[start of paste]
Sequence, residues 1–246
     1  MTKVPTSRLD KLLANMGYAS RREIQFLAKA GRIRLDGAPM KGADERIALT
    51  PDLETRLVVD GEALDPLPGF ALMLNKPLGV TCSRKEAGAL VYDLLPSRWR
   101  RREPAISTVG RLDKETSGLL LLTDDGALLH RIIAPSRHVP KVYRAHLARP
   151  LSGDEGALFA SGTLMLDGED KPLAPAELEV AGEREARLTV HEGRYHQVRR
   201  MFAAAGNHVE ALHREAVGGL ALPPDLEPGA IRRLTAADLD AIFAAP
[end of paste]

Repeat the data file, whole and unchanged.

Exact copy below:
Sequence, residues 1–246
     1  MTKVPTSRLD KLLANMGYAS RREIQFLAKA GRIRLDGAPM KGADERIALT
    51  PDLETRLVVD GEALDPLPGF ALMLNKPLGV TCSRKEAGAL VYDLLPSRWR
   101  RREPAISTVG RLDKETSGLL LLTDDGALLH RIIAPSRHVP KVYRAHLARP
   151  LSGDEGALFA SGTLMLDGED KPLAPAELEV AGEREARLTV HEGRYHQVRR
   201  MFAAAGNHVE ALHREAVGGL ALPPDLEPGA IRRLTAADLD AIFAAP